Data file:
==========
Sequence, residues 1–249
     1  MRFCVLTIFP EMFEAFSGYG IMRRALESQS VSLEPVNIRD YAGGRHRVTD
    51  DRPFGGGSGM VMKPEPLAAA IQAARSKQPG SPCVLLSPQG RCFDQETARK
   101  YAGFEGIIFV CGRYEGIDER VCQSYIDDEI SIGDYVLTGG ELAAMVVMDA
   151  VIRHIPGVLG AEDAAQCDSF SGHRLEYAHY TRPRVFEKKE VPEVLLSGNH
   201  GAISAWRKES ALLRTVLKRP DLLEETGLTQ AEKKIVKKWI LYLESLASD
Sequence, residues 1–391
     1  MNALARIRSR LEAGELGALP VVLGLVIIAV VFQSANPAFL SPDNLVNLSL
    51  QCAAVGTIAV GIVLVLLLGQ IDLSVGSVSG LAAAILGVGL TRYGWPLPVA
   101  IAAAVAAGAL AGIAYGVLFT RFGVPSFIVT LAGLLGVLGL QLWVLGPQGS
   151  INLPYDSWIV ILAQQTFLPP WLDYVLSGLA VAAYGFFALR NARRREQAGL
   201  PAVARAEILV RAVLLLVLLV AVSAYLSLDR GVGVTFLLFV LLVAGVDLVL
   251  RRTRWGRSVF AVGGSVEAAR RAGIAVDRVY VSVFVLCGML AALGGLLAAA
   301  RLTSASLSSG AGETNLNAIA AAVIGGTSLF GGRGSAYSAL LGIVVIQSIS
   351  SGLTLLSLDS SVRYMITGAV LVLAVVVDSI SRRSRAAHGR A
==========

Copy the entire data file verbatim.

Sequence, residues 1–249
     1  MRFCVLTIFP EMFEAFSGYG IMRRALESQS VSLEPVNIRD YAGGRHRVTD
    51  DRPFGGGSGM VMKPEPLAAA IQAARSKQPG SPCVLLSPQG RCFDQETARK
   101  YAGFEGIIFV CGRYEGIDER VCQSYIDDEI SIGDYVLTGG ELAAMVVMDA
   151  VIRHIPGVLG AEDAAQCDSF SGHRLEYAHY TRPRVFEKKE VPEVLLSGNH
   201  GAISAWRKES ALLRTVLKRP DLLEETGLTQ AEKKIVKKWI LYLESLASD
Sequence, residues 1–391
     1  MNALARIRSR LEAGELGALP VVLGLVIIAV VFQSANPAFL SPDNLVNLSL
    51  QCAAVGTIAV GIVLVLLLGQ IDLSVGSVSG LAAAILGVGL TRYGWPLPVA
   101  IAAAVAAGAL AGIAYGVLFT RFGVPSFIVT LAGLLGVLGL QLWVLGPQGS
   151  INLPYDSWIV ILAQQTFLPP WLDYVLSGLA VAAYGFFALR NARRREQAGL
   201  PAVARAEILV RAVLLLVLLV AVSAYLSLDR GVGVTFLLFV LLVAGVDLVL
   251  RRTRWGRSVF AVGGSVEAAR RAGIAVDRVY VSVFVLCGML AALGGLLAAA
   301  RLTSASLSSG AGETNLNAIA AAVIGGTSLF GGRGSAYSAL LGIVVIQSIS
   351  SGLTLLSLDS SVRYMITGAV LVLAVVVDSI SRRSRAAHGR A